With new head coach and returning talent, swim and dive hopes for inspired season

First year head coach Amanda Caldwell comes to Georgia Southern after being assistant coach at Rice University the past six seasons. The Owls won three Conference-USA titles in that span. 

McClain Baxley

When head swimming and diving coach Amanda Caldwell took the job at Georgia Southern in May, there was a new sense of buzz around the pool. Caldwell came to the Eagles from Rice University where she helped the Owls win three Conference-USA titles.

“I was very intentional when I was looking for jobs, I knew I wanted to be a head coach,” Caldwell said. “I wanted an opportunity to step in somewhere and grow it.”

After finishing no higher than third in the Coastal Collegiate Sports Association(CCSA) in the past six seasons, there was noticeable room for improvement with the GS team. Fortunately for Caldwell, there was a base of talent and experience facing her in the locker room.

With 16 juniors and seniors on the 2018-2019 roster, the talent was there, but the new head coach wanted to first boost her team’s character and mentality before heading to the water.

“We had a lot of meetings,” Caldwell said. “We had a team retreat that we started off after the first week of school. A lot of that was learning how to communicate—communicate with each other, communicate one’s needs, how to talk about your fears, set your own goals and boundaries.”

Caldwell lamented in the low goal setting of the team. Coming from a team that had rotating swimmers on the podiums, Caldwell knew she had to plant a belief in the Eagles of how great they could be.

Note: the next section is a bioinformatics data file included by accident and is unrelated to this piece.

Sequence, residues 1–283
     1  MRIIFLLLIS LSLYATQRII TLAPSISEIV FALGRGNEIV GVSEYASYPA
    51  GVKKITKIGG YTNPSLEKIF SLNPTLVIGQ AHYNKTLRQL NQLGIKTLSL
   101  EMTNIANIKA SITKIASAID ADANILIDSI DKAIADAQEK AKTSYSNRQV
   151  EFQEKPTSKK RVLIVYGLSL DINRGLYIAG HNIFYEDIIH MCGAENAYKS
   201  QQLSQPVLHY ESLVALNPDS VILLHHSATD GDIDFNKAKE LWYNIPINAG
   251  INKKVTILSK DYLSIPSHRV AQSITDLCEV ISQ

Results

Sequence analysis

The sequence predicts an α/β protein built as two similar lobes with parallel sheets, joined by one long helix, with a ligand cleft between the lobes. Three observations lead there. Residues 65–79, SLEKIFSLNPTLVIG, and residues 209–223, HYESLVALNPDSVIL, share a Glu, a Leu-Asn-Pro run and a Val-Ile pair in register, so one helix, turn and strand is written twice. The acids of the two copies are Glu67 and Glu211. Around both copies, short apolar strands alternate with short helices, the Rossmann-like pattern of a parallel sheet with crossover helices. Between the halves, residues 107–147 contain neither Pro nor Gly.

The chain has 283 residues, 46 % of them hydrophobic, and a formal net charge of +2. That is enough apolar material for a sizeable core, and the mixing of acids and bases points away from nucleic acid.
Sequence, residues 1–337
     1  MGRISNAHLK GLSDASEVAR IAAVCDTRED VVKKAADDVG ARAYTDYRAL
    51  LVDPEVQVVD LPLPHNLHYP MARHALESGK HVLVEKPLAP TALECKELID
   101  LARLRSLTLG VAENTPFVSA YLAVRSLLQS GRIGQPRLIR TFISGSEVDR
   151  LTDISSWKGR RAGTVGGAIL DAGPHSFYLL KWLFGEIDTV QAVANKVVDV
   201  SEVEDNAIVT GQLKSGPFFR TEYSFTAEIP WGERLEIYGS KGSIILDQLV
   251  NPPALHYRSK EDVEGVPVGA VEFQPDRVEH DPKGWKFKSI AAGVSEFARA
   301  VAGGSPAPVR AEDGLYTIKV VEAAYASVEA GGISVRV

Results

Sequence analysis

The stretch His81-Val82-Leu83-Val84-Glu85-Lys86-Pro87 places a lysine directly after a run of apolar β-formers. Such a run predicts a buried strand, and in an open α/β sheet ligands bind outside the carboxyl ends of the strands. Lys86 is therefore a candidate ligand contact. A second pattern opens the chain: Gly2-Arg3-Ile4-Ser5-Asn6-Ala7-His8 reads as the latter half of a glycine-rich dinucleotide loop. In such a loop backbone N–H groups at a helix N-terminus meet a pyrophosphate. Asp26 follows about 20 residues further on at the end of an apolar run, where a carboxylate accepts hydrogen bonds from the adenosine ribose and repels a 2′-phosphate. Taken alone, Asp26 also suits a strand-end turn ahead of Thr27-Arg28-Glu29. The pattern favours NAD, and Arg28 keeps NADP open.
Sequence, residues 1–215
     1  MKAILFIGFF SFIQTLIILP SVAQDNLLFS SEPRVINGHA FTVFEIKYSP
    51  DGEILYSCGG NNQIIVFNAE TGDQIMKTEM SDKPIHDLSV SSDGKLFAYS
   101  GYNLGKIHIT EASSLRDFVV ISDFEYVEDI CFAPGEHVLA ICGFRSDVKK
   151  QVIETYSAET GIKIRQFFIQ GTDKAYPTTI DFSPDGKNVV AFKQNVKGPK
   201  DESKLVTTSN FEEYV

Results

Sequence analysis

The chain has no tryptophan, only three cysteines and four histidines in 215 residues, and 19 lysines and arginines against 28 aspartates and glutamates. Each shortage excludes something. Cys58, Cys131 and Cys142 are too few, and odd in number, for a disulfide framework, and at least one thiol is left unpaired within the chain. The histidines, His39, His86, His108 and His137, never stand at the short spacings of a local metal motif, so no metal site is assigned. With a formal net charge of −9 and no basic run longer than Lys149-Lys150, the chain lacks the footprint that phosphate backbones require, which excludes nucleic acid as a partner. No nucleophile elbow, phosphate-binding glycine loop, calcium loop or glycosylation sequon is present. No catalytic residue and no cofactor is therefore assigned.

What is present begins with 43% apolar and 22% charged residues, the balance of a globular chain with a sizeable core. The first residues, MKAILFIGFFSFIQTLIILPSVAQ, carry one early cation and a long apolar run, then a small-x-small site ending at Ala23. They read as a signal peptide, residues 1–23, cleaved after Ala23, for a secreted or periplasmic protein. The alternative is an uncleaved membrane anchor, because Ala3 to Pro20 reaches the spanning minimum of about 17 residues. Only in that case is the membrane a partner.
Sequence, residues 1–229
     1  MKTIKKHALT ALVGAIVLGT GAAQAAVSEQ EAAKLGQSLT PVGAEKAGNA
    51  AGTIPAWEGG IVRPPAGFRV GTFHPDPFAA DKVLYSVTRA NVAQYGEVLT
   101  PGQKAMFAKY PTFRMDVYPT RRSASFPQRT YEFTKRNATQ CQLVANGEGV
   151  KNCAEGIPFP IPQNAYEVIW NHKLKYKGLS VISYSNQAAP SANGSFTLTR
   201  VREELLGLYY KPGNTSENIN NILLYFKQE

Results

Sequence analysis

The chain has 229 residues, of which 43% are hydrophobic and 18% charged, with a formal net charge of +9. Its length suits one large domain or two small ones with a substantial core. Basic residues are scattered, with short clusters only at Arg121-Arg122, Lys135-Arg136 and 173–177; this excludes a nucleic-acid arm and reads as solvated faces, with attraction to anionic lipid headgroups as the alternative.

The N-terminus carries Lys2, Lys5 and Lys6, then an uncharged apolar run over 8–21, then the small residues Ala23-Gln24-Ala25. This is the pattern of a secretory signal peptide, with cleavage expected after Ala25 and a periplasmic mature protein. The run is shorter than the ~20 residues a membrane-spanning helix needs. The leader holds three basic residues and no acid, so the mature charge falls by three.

And it started with the athletes buying into what the new coaching staff was trying to do.

“The majority of my team has a lot of questions, especially the seniors and juniors. They want to know why we’re doing what we’re doing,” Caldwell said. “And that’s the most important question every human being has is, ‘what’s in it for me?’ So them being able to ask those questions and being able to figure out what’s going on, they get more buy in.”

With such a veteran team, Caldwell has already seen growth in many of the swimmers, both in and out of the pool. Once Caldwell had the values and mindset right with her team, the focus was shifted to in-pool action, where again the older swimmers are expected to play important roles.

“Our senior class is very talented and there’s a lot of scorers in there coming back,” Caldwell said. “I’ve been really pleased with Anna Kassis and Anna Moore with their training over the summer. They stuck around and I got to meet six of them over the summer. I’m really excited in what I’ve seen in training from Bre Stuart and Courtney Schaefer. They’re ready to go hard already and we have time.”

The schedule lends itself to success with their first meet this weekend against a talented SCAD team. Caldwell made sure though to keep a familiar competition on the schedule by adding Conference-USA’s Tulane.

“They have a new coach as well, she came from the University of Florida,” Caldwell said. “They are someone who is towards the top of their conference.”

The Eagles start their season in Savannah against SCAD, but their first home meet isn’t too far down the road with UNC-Asheville coming to the GS Aquatic Center Oct. 19 for a CCSA competition. GS travels to Campbell the following week for another stout CCSA school.

“UNC-Asheville and Campbell are two teams that have good coaches with some studs on their team and that’s going to really get our girls to level up,” Caldwell said.

This GS team has experience in the water and on the boards and now has a self-belief in themselves. It’s going to be a long season with the CCSA Championships not until mid-February, but Caldwell is pleased in the maturity shown from her team so far.

“We have a lot of personalities on the team which keeps it interesting, keeps it fun,” Caldwell said. “We have the talent there, we just have to believe it.”

McClain Baxley, The George-Anne Sports Editor, [email protected]